House Speaker Nancy Pelosi said Friday that lawmakers would continue to vote long-distance, citing concerns about the coronavirus — but newly elected members were still set to eat together indoors.
Democrats’ plans for a meal at a stately hall in the Capitol building raised eyebrows Friday after a journalist’s tweet, though Pelosi insisted the arrangement would be safe and “very spaced.” Earlier in the day — with infections and hospitalizations surging nationwide — Pelosi had emphasized that a vaccine breakthrough should give people “hope” but urged people to “listen to science” and heed guidance including “isolation” and “separation.”
By evening, the new members event was changed to grab-and-go. The House’s newest legislators were already in the capital for an orientation like no other, filled with face masks and new precautions.
“Our office strictly follows the guidance of the Office of Attending Physician, including for this dinner,” tweeted Drew Hammill, a spokesman for Pelosi. “To be a further model for the nation, this event has been modified to allow Members-elect to pick up their meals to go in a socially-distanced manner.”
Hammill emphasized later, as members picked up boxed meals and left, that there would be “no group dinner.” Republicans will also have a new members dinner, but House Minority Leader Kevin McCarthy’s (R) office did not immediately respond to inquiries about their plans.
Democratic leaders have been more cautious than Republicans as the pandemic transforms congressional operations. In a historic shift, the Democrat-dominated House has been voting remotely, while the GOP-dominated Senate continued with in-person business.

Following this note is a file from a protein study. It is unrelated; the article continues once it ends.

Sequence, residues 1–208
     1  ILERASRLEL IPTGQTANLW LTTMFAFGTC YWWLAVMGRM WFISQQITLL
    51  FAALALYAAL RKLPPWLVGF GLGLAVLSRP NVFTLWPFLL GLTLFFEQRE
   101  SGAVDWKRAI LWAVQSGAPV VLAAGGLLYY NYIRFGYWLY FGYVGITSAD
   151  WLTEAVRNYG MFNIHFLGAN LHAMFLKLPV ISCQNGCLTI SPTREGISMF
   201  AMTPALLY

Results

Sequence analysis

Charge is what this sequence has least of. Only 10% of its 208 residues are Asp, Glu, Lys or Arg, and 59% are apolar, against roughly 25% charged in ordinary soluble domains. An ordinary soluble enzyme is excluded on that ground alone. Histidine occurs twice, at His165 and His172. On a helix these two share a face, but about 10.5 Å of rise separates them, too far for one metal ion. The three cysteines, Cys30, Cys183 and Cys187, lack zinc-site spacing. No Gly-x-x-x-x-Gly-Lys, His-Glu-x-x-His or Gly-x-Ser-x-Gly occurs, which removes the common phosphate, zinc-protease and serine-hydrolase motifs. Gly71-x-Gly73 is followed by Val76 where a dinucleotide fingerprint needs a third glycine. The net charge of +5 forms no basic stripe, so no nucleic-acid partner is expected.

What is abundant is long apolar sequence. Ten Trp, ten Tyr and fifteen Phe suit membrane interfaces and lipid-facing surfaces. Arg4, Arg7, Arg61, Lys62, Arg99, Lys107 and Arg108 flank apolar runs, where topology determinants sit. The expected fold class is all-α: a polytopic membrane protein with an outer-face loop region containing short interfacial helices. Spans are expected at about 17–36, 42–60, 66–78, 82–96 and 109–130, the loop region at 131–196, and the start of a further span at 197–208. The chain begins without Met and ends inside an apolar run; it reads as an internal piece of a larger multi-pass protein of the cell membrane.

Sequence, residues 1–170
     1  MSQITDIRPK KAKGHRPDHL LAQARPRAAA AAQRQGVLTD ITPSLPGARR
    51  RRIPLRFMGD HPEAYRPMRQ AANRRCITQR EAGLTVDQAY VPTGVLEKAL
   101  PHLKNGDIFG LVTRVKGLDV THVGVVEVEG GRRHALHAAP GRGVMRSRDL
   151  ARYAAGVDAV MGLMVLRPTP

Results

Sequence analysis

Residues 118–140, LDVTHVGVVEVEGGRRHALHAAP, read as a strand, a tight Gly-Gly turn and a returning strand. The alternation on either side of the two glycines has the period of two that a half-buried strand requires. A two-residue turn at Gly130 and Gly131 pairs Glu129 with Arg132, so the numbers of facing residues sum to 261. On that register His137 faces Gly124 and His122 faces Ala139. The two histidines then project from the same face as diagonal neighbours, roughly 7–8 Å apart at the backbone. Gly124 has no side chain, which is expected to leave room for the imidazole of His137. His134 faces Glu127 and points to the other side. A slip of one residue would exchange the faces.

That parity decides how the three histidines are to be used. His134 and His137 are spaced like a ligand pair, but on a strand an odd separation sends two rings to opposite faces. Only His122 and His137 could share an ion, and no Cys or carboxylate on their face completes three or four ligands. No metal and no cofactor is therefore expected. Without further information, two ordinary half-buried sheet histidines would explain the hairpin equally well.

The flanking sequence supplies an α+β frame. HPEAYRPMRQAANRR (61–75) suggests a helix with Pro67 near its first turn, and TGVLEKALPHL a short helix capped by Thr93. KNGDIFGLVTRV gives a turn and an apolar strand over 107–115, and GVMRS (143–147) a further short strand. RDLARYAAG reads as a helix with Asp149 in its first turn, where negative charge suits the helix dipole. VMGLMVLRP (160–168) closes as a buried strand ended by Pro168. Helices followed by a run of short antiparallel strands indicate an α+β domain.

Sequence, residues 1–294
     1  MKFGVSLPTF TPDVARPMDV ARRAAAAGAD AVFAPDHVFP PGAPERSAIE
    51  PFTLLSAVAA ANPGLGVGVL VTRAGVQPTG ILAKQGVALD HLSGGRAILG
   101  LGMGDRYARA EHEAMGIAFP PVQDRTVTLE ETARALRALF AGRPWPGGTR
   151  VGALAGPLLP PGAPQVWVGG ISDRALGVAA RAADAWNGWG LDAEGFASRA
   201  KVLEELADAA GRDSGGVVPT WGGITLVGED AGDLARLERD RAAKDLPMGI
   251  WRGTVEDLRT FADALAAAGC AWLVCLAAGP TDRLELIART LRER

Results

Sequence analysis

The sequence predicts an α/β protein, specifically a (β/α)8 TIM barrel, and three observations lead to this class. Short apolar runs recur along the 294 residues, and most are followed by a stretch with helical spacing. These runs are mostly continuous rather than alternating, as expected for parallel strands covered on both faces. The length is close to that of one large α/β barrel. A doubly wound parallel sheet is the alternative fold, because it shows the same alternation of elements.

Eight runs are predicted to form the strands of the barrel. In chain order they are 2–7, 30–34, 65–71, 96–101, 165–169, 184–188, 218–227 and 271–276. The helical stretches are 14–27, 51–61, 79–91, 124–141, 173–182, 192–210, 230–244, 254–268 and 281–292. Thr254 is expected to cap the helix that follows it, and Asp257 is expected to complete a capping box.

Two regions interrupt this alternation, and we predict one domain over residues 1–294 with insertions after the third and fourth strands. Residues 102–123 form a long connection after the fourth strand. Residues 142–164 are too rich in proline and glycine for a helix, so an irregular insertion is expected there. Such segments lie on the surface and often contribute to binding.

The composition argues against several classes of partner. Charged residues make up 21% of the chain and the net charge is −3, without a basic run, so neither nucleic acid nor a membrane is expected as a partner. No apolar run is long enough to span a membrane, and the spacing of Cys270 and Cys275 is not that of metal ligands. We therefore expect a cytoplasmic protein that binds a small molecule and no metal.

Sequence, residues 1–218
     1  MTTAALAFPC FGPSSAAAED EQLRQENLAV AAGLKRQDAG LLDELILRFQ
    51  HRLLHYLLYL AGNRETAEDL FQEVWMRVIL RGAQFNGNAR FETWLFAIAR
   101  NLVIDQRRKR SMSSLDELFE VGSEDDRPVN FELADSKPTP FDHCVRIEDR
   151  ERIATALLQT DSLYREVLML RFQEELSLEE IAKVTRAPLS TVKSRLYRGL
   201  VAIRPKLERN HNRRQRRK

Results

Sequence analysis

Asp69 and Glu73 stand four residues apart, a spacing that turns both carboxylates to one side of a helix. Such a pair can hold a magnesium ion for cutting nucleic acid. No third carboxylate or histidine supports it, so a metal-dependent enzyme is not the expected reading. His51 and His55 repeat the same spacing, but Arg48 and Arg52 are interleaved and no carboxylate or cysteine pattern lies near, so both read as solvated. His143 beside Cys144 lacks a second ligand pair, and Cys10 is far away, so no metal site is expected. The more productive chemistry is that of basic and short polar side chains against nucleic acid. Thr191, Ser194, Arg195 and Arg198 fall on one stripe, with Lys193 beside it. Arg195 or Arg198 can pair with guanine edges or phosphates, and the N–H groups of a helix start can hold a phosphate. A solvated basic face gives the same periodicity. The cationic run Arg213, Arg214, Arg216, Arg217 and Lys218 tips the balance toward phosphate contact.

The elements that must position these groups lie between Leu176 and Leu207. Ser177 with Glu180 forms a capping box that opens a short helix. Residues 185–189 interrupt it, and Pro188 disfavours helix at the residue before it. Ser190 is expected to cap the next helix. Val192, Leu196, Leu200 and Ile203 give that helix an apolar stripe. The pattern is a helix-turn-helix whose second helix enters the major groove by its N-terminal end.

Sen. Mike Lee (R-Utah) attended confirmation hearings for Supreme Court Justice Amy Coney Barrett less than two weeks after testing positive for the coronavirus, saying he was cleared by the Capitol doctor. Lee was among those mingling at a largely maskless Rose Garden ceremony — denounced as a coronavirus “superspreader” event — where President Trump, who later fell ill along with a slew of attendees, announced Barrett’s nomination.
Democratic politicians have also come under scrutiny for traveling and socializing while emphasizing the seriousness of the pandemic. Just this week, California Gov. Gavin Newsom (D) told the San Francisco Chronicle he had erred in attending a birthday party for an adviser, and D.C. Mayor Muriel E. Bowser defended her weekend travel to Delaware — a state with higher coronavirus risk — to celebrate Joe Biden’s presidential win. Pelosi was accused of hypocrisy this fall when video captured her walking through a salon with a mask around her neck, as San Francisco hairdressers remained under orders to do their work outside.
Asked earlier Friday if the dinner plans were safe given the coronavirus, Pelosi said that Congress’s attending physician had given permission and emphasized that there would be ventilation. But the event still drew attention.
“This strikes me as a bad idea, a dangerous idea,” tweeted journalist Dan Rather. “It’s also exactly the wrong message to send to America as the pandemic spikes.”
In a testament to continued concerns about the virus, Pelosi told colleagues on Friday that because a “public health emergency is in effect, she was extending remote voting until the end of the year.